Edmund goes to talk with his father about the play debacle, apologize, and say they are all at fault except for Fanny. Sir Thomas accepts his apology. Sir Thomas is, however extremely vexed that Mrs. Norris allowed the play to take place. She, not knowing how to handle it, derails the conversation when he tries to bring it up by monologuing about other things and flattering Sir Thomas until he gives up.
After his voyage to Antigua, Sir Thomas’s relationship with Mrs. Norris deteriorates over the course of the book, starting with his frustration that she allowed the play to take place. As Mrs. Norris tries to justify herself, Sir Thomas seems to see through her flattery for the first time, but does not push the issue.
Sir Thomas takes stock of his estate and resumes his duties as a landowner. Every trace of the play is removed from the house. When Mr. Yates realizes the show will not go on, he is extremely disappointed.
Sir Thomas’s return relieves Edmund of the pressure to manage his estate, which he has been taking care of instead of Tom.
In the evening, Sir Thomas lounges in the drawing room while his daughters play music. Maria is nervous while she plays because she is hoping Henry will declare his love for her before she has to marry Mr. Rushworth. The Crawfords and the Bertrams, however, do not see each other for several days. Later, Dr. Grant and Henry come to Mansfield to greet Sir Thomas. Henry informs them he is going away from Mansfield for a while, but tells them that if the play will be resumed he will come back immediately.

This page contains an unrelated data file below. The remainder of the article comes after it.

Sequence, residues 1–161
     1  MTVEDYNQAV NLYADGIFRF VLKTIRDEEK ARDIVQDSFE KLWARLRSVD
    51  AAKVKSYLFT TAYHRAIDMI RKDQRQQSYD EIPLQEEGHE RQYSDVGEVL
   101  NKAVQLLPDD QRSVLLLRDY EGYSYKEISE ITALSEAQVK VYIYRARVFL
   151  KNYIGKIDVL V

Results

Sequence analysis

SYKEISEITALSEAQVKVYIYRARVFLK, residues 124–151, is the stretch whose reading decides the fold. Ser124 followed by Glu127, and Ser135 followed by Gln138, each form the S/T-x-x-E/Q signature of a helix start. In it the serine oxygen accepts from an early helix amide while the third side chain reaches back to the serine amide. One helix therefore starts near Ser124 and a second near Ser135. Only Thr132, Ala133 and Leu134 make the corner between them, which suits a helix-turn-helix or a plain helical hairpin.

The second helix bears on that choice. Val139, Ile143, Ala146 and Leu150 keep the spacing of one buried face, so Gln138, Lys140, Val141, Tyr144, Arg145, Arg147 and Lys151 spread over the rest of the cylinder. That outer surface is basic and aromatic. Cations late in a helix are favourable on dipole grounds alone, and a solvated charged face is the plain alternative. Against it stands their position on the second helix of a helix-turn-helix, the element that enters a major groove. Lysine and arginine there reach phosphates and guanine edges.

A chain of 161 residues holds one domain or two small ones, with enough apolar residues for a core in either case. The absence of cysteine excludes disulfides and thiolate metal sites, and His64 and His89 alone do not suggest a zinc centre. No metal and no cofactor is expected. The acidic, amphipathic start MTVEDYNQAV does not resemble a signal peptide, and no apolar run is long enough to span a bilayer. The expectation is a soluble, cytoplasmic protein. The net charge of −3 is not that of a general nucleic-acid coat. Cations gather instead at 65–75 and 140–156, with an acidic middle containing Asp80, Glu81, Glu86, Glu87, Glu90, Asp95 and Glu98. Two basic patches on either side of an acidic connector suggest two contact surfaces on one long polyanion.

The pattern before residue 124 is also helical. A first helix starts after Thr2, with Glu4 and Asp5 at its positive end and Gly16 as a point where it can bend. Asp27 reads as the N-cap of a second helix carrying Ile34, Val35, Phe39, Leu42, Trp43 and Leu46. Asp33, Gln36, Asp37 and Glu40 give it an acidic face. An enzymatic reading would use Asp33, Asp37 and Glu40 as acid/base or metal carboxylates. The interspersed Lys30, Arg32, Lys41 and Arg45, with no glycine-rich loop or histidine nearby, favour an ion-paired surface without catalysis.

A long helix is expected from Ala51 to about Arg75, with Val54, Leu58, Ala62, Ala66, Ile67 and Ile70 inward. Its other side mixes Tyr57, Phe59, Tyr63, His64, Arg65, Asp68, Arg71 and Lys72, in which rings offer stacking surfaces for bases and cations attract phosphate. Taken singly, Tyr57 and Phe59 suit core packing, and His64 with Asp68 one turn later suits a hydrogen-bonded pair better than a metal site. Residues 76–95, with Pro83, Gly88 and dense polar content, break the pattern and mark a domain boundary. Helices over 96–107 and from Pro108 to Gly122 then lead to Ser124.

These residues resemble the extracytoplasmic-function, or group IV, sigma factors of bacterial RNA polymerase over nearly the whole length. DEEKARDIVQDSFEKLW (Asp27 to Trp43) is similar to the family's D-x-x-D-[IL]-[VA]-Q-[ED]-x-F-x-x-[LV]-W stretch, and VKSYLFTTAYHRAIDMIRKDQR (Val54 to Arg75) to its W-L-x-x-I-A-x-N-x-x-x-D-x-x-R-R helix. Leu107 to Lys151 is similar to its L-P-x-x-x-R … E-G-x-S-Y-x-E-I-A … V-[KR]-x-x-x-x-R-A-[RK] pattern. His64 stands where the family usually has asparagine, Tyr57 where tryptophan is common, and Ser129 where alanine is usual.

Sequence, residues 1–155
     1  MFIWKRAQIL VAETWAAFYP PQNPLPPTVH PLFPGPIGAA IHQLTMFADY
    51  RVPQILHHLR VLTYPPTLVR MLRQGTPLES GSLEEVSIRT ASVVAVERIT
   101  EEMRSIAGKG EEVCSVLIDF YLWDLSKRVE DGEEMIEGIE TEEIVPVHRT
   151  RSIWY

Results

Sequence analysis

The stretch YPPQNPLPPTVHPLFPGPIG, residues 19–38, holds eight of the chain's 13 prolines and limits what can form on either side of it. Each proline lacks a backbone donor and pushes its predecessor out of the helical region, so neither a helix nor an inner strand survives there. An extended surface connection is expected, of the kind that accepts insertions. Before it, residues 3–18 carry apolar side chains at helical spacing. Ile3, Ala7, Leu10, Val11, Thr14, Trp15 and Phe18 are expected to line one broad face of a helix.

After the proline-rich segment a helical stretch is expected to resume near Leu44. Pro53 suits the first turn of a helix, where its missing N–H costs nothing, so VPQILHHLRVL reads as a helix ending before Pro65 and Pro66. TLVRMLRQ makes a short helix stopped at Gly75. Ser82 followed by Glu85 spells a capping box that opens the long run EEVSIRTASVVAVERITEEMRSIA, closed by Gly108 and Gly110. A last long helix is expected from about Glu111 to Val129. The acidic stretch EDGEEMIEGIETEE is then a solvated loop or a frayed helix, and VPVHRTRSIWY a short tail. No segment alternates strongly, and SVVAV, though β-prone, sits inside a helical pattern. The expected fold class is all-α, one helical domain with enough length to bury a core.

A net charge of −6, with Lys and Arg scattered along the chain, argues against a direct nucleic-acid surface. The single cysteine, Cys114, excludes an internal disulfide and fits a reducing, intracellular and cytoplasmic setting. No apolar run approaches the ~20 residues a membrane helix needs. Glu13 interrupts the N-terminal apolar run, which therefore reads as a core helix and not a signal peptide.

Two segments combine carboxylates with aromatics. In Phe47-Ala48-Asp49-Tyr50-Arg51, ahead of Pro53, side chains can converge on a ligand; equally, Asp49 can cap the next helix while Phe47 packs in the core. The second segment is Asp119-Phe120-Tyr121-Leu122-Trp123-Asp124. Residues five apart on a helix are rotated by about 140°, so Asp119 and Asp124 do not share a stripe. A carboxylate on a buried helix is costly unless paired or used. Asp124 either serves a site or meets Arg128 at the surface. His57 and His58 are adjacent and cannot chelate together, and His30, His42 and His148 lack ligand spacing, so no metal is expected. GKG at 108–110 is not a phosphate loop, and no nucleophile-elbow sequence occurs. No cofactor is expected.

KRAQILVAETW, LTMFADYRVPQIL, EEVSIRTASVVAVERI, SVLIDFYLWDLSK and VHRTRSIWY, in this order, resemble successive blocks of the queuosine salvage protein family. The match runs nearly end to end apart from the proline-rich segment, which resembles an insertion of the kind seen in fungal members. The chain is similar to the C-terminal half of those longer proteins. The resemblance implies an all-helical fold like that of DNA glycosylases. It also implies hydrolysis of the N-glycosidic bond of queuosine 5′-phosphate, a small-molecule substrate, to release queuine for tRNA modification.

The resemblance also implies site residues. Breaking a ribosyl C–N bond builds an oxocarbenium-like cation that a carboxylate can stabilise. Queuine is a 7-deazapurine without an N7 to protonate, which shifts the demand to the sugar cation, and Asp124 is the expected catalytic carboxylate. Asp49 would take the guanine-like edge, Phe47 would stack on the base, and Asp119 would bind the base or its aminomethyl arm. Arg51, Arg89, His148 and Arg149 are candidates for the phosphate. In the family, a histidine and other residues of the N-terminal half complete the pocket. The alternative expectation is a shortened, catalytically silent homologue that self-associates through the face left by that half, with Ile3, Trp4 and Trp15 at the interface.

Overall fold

Maria’s hope that Henry will propose so she will not have to marry Mr. Rushworth shows how little power she has as a woman in the system of courtship and marriage— she must wait for Henry to propose rather than declaring her love for him, and, if she does not marry Mr. Rushworth, she risks social disapproval for breaking the engagement.
Tom tells Henry that there is no chance that the play will be resumed. Henry says goodbye to Maria, who cannot understand why he is going away since he is supposed to be in love with her. Julia is happy when he leaves, now bitter about the love triangle in which she “lost.” Fanny is also happy to hear that Henry is gone.
Maria’s heartbreak when Henry does not propose is poignant, despite Maria’s shallowness as a character, because it dooms Maria to choose between potential spinsterhood and financial insecurity and marrying a man she does not love.
At last Mr. Yates leaves as well. Sir Thomas is thrilled, because he loathes Mr. Yates. Finally, Mrs. Norris removes the theatre curtain she made.
Mr. Yates’s misstep has not blown over with Sir Thomas, and the removal of the curtain marks the play as officially over.